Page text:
The purpose of this study was to determine whether a catecholamine infusion administered to simulate a stress state could alter the pharmacokinetics of administered cocaine and effect the formation of benzoylecgonine, its major metabolite, in the rat. In a previous investigation we determined that catecholamine infusion enhanced the toxicity of continuous cocaine infusion by reducing the time before the onset of convulsions and respiratory arrest. We postulated that this enhanced toxicity was an effect of catecholamines on the pharmacokinetics of cocaine. To test this hypothesis we studied plasma cocaine and benzoylecgonine disposition after intravenous bolus administration of cocaine (5 mg kg-1) to 19 male Sprague-Dawley rats and to 10 rats which received an initial loading-dose cocaine infusion of 1 mg kg-1 min-1 (for 5 min) followed by continuous infusion of 100 μg kg-1 min-1. Rats in both studies randomly received either continuous catecholamine infusion comprising adrenaline (7.25 μg mL-1), noradrenaline (4.4 μg mL-1) and dopamine (8.0 μg mL-1) or saline, administered at a similar rate. Bolus dose cocaine administration, simultaneously with catecholamine infusion, resulted in significantly higher C(max) levels for cocaine (3.8 compared with 2.5 μg mL-1) and lower distribution half-lives (3.3 compared with 5.9 min) and central compartment volumes of distribution (1.5 compared with 2.1 L kg-1) compared with saline infusion. Benzoylecgonine formation was significantly reduced in rats receiving catecholamines whereas the elimination half-lives (26.3 compared with 25.0 min) and systemic clearances (146 compared with 146 mL kg-1 min-1) were not different. Continuous cocaine infusion (after an initial loading infusion) resulted in the doubling of plasma cocaine levels in rats receiving catecholamines compared with the control group. These data indicate that elevated plasma catecholamines have significant effects on cocaine pharmacokinetics. This might serve to explain the enhanced toxicity from concomitant cocaine and catecholamine infusion demonstrated in previous experiments.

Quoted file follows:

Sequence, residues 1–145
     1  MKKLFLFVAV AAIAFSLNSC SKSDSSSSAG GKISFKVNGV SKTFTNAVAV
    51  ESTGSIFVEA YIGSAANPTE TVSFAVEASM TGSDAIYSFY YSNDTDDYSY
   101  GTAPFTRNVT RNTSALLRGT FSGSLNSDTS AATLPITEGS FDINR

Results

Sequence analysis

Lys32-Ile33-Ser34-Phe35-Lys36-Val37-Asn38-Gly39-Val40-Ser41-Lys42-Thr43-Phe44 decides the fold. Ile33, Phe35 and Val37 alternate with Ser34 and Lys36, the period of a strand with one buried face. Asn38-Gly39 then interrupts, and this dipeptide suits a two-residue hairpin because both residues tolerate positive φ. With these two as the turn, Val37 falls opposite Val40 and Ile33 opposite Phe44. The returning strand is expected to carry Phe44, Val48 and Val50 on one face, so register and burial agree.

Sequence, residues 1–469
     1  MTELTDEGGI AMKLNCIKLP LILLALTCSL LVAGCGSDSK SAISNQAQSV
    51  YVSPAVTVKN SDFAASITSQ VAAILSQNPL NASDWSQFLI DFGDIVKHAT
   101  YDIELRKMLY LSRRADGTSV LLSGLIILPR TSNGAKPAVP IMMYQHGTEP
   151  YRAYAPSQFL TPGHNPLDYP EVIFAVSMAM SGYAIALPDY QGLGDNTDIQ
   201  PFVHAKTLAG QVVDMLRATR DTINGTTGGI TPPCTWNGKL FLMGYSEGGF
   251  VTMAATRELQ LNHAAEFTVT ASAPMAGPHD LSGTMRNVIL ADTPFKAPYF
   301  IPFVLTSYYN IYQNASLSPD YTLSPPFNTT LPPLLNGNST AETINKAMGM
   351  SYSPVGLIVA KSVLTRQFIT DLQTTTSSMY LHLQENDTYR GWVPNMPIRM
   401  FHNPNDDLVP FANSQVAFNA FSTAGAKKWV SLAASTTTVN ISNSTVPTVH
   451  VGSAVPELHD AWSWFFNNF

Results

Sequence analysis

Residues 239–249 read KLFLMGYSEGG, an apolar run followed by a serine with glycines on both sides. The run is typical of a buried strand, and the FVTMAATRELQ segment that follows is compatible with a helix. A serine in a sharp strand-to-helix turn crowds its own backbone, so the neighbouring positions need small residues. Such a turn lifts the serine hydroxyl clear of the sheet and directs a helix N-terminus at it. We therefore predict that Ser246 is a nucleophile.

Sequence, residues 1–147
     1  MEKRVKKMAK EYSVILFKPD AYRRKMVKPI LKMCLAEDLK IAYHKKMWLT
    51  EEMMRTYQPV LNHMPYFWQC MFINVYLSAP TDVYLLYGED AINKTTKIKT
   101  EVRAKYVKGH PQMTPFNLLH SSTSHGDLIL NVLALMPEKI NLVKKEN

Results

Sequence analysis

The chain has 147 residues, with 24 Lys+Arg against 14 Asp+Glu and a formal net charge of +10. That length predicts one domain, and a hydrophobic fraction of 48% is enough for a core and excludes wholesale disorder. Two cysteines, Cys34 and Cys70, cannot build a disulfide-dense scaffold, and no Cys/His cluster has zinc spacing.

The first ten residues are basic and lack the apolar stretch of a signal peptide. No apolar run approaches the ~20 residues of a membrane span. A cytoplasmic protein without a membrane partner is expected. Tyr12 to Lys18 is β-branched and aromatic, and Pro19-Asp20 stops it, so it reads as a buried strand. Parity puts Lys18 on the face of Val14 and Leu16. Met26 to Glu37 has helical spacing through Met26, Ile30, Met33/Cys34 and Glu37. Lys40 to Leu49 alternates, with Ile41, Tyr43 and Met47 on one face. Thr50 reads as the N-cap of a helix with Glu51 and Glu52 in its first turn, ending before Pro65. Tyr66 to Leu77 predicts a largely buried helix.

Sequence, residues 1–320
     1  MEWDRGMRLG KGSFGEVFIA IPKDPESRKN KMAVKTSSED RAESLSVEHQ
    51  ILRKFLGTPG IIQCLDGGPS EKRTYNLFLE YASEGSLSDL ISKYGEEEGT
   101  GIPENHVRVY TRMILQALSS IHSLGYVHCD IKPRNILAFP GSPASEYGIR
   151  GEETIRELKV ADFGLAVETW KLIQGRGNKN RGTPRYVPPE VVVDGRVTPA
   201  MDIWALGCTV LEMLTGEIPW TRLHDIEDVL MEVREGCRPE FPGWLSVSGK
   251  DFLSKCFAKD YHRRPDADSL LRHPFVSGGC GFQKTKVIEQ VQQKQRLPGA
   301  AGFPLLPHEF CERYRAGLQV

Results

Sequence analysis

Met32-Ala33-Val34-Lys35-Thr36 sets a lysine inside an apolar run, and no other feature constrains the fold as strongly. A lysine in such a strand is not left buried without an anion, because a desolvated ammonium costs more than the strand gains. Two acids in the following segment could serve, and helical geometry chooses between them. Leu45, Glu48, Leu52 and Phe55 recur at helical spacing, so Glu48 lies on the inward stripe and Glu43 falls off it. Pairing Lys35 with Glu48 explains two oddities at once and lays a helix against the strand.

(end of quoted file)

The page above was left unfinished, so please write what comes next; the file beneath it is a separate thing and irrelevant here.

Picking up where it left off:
All Science Journal Classification (ASJC) codes
- Pharmaceutical Science